Graphic design images of a panty liner, a box of menstrual pads, a perfume bottle to signify fragrance and a bar of soap, which are all common irritants for ICD.

Risk factors (things that make you more likely to develop ICD) are complex and depend on a number of things, including the type of irritant, the length of exposure to the irritant, and the presence of other vulvar skin conditions (ibid).


When it comes to irritants, it’s important to note that everyone is different. What causes irritation in one person may not cause it in another. The following is a non-exhaustive list of some of the common irritants for ICD.

  • Menstrual pads and panty liners
  • Baby wipes
  • Laundry detergent and fabric softener
  • Lubricants
  • Medications (e.g., topical Imiquimod, trichloroacetic acid, podophyllin, etc.)
  • Vulvar deodorants
  • Urine, feces, sweat, semen, and saliva

(Corazza et. al, 2021; Woodruff et al. 2018)

Diagnosis and Treatment

Diagnosis is made by examining the skin and listening to the patient’s symptoms by a dermatologist, gynecologist, or vulvar specialist. There is no need for a biopsy for suspected ICD.

Treatment is relatively simple. The primary focus is on eliminating the offending irritant. However, it’s often difficult to know what the offending irritant is. If I think about any given day, I might have sweat, urine, coconut oil, lubricant, or other substances/products that could be the culprit. Therefore, most healthcare providers recommend stopping all chemical/physical products until the irritation has subsided. You may then choose to reincorporate certain products one at a time gradually. For example, once the ICD has subsided, you may try your emollient again. If there is no reaction after a week, then that probably was not the culprit. You may choose to keep reintegrating substances/products. However, if you reintroduce one and it reproduces ICD, it is likely that it was the offending irritant, and it is advised you discontinue it.

Remember, many of the products on the list above are unnecessary. For instance, you do not need to wash your vulva with soap; simple warm water is sufficient. If you prefer a soap, opt for a dermatologist-approved, fragrance-free, gentle cleanser. Learn more about washing and emollients in my Instagram live with Dr. Sesay.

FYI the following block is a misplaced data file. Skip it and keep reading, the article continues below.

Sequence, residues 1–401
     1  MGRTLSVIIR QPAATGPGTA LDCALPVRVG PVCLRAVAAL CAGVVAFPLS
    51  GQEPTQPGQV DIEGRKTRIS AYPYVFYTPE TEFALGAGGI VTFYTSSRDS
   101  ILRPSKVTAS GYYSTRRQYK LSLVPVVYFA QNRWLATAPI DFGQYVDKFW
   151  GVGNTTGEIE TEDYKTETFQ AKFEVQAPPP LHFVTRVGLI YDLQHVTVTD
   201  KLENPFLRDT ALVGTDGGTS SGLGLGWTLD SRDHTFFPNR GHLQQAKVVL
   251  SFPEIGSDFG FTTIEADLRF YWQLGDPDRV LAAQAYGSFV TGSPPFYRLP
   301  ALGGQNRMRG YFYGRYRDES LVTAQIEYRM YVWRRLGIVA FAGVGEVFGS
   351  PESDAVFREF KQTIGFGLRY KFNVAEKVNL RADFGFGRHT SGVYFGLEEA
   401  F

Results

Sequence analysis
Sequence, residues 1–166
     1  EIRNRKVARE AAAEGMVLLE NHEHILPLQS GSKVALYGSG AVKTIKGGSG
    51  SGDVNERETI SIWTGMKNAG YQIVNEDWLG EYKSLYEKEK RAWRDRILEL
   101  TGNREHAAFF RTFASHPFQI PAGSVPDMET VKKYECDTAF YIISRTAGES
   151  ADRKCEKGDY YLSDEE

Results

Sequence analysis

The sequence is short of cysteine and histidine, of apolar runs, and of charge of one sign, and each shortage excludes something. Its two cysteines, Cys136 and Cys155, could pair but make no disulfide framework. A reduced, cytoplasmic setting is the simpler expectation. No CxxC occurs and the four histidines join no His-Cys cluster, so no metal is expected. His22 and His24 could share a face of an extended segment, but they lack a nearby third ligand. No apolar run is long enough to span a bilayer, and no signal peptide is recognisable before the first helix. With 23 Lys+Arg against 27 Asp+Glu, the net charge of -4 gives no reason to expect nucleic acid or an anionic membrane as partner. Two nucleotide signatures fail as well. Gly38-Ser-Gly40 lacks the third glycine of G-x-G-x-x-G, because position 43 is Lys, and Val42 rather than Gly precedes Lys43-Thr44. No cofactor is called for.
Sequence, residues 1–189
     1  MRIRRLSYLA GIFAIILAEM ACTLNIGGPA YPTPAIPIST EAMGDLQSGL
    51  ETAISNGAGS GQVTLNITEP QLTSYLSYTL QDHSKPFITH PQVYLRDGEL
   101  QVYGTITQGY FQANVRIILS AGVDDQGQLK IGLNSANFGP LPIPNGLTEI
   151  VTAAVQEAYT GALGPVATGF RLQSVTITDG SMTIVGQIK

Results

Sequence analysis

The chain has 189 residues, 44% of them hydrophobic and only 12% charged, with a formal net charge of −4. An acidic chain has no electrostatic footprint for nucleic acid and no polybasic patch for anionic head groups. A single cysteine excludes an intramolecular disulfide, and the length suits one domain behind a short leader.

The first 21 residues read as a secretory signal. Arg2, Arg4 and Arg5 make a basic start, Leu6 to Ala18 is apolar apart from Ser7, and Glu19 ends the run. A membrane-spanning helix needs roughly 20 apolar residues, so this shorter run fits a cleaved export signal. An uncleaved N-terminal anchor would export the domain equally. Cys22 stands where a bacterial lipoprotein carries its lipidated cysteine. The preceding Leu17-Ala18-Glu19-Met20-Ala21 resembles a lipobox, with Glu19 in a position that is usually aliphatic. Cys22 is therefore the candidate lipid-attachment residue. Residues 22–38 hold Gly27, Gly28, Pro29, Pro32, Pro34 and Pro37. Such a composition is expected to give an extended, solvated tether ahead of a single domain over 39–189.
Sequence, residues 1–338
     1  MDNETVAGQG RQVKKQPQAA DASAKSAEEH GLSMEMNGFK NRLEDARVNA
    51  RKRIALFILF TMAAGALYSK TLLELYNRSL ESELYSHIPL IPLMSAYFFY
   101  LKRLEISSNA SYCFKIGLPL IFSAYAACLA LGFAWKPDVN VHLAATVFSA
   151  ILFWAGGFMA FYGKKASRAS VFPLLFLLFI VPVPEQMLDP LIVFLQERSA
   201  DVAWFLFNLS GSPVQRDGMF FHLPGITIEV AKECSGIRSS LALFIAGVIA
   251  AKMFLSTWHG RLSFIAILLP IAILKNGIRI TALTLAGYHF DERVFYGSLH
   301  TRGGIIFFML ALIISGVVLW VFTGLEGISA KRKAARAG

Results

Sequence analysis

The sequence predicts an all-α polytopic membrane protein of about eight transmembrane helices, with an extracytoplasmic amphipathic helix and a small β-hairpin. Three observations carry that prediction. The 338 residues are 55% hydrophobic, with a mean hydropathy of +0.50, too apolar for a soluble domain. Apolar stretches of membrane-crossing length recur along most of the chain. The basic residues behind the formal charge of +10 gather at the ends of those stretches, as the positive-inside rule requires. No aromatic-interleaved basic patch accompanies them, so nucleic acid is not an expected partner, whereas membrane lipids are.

Usually, the elimination of chemical/physical products is sufficient for treating ICD. However, in some cases, patients are instructed to treat with topical corticosteroids for one month to calm the underlying inflammation and provide symptom relief (Goldstein et al., 2023). 

Allergic Contact Dermatitis (ACD)

Allergic contact dermatitis (ACD) is similar to ICD. However, ACD tends to cause more irritation than ICD. Furthermore, ACD involves an allergic reaction to an irritant, which triggers the body’s immune system.

ACD has two types–acute and chronic. If the vulva is exposed to a strong allergen, you may experience acute ACD. Acute ACD presents as a red rash/redness, swelling, blisters, and ulcers. The pain and itch are usually quite severe and distressing with acute ACD.

Chronic ACD occurs when the allergen is weaker and the vulva is exposed to the allergen periodically over time. Chronic ACD presents as a red rash/redness and lichenified (thickened) patches of skin. This presentation is more subtle, and chronic ACD is sometimes missed in people with heavily pigmented skin by providers who do not have a lot of experience with vulvas of darker skin types (Madnani, 2023; Woodruff et al., 2018). People with darker skin types may experience dyspigmentation–any abnormal color change, either lighter or darker (Madnani, 2023).


As with irritants for ICD, it’s important to note that everyone is different with respect to allergens. What causes ACD in one person may not cause it in another. The following is a non-exhaustive list of some common ACD allergens:

  • Fragrances (these may be found in your soaps, emollients, etc.)
  • Preservatives (e.g., parabens, ethylenediamine dihydrochloride, stearyl alcohol, etc.)
  • Emollients and vehicles for medications (e.g., propylene glycol, which is used as a base for some corticosteroid medications and lanolin, which is the ingredient in Aquafor healing ointment).
  • Medications (e.g., Clotrimazole and Nystatin used for yeast infections, some corticosteroids such as Clobetasol-17 propionate and Hydrocortisone-17-butyrate, and antibiotics such as Neomycin and Bacitracin)
  • Botanical extracts like arnica Montana and oak moss
  • Metals such as nickel sulfate and cobalt